Teenager sentenced for biggest ever cyber attack

A British teenager has been sentenced to community service for masterminding in 2013 what was then described as the biggest ever cyber attack. The distributed denial of service attack against anti-junk mail group Spamhaus was so disruptive it threatened the Linux system, which supports links between international networks. Seth Nolan McDonagh pleaded guilty to all charges earlier, but could not be named under UK law until he turned 18 this week.

Team Sky cyclist data “stolen”

Training data belonging to cyclist Chris Froome has been accessed by hackers, according to Team Sky manager David Brailsford. Speaking at a press conference this week, Mr Brailsford said the loss of the data had been discovered on Monday, after Froome took the lead in the first week of the Tour de France. He added that the team is consulting legal advisers but refused to be drawn on who he suspected was behind the hack.

Body cameras “pose threat to privacy”

The UK Government’s CCTV commissioner has warned of the risk posed by unregulated use of body-worn cameras to record members of the public. Tony Porter told a security conference that, while use of the cameras by law enforcement agencies such as the Metropolitan Police is subject to strict rules, no such oversight exists in relation to private security staff and traffic enforcement officers and this has serious implications for data protection and privacy. Mr Porter is currently reviewing the UK’s surveillance camera code of practice and will report to the Home Secretary later this year.

Council databases hacked

The email addresses of 13,000 people have been stolen in an attack on the IT systems of the City of Edinburgh Council, it was revealed last week. A spokesperson reassured the public that no passwords were acquired during the hack, which was carried out at the end of June. Those affected are being contacted by the council, and have been warned of the potential risk should the hackers target them with “spear fishing” emails which appear to come from the Council.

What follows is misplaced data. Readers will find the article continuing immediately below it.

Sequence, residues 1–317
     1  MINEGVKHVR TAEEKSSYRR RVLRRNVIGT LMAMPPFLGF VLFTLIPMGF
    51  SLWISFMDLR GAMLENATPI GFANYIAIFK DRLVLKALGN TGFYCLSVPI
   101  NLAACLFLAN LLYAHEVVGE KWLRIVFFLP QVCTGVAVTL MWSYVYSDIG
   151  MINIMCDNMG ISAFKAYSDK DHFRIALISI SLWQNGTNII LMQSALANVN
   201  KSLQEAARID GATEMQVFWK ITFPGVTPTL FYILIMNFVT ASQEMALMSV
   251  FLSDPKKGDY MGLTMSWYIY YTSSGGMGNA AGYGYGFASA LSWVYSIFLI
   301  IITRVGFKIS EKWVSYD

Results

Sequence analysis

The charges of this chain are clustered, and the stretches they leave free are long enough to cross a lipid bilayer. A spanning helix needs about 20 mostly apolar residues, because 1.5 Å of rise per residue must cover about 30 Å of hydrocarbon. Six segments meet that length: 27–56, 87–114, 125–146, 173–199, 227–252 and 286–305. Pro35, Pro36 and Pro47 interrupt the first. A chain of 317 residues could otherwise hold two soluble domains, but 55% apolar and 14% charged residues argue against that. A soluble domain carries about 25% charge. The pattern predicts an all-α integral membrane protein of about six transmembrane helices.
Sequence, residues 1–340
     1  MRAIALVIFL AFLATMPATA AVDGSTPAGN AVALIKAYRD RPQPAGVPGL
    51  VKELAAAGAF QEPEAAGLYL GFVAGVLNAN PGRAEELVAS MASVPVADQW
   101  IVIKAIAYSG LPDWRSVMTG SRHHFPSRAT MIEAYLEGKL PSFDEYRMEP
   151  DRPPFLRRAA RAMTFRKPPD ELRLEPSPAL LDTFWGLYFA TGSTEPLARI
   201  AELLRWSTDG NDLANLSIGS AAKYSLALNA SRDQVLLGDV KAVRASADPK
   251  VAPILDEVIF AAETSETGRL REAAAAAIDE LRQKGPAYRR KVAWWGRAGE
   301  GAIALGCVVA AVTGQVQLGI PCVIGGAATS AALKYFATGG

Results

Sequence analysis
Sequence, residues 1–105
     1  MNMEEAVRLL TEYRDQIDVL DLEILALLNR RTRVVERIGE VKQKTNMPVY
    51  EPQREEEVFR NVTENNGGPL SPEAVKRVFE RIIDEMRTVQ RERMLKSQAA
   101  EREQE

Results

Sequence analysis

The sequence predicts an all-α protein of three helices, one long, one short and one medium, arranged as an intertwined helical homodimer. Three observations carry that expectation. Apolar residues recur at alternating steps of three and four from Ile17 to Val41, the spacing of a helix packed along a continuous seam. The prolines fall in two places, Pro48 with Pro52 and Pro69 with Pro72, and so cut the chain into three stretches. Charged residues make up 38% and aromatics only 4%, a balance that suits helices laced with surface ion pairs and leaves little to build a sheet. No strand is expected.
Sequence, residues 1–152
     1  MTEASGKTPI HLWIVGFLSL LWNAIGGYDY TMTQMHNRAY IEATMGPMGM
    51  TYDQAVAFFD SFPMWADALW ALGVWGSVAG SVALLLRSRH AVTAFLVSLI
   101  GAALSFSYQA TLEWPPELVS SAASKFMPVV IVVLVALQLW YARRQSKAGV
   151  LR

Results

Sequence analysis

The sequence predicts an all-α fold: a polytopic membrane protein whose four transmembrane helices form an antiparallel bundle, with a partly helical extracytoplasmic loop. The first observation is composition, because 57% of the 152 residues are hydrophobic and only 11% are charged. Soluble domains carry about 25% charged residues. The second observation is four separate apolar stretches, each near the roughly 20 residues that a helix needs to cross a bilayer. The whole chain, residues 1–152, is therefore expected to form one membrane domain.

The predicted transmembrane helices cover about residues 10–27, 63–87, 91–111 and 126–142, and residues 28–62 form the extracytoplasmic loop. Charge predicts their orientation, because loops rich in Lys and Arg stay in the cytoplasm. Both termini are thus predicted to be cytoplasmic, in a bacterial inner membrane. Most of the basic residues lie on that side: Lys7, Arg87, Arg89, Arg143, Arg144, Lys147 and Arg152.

Google inadvertently publishes details of “Right to be forgotten” requests

The Guardian newspaper reported this week that Google accidentally made public details of the number and nature of requests made by people under the Right to be forgotten. The data was discovered in the source code of Google’s Transparency Report, which was intended to give a general flavour of the requests. The details showed that 95% of requests were made by individuals rather than celebrities or politicians.

Police raid bogus call centres

In a joint operation, the European police force Europol and Spanish police have raided a number of illegal call centres run by a cyber-crime group in Barcelona. The criminals had used mobile phones stolen from tourists to call premium-rate numbers which had been set up in other countries, in an operation reportedly worth EUR 2 million. A spokesman for Europol said the raids followed analysis of thousands of financial transactions, which had made it possible to trace
the group.

Business concerns over China’s new internet security law

Concerns over the enforcement of China’s draft cybersecurity and data protection law could stifle business, critics warned last week. Under the bill passed earlier this month the government will gain extensive surveillance powers for the purposes of preserving “internet sovereignty” and national security. Joerg Wuttke, president of the EU’s Chamber of Commerce in China said that there were concerns over how the government would use the powers, to be detailed in forthcoming regulations, particularly in relation to transnational businesses.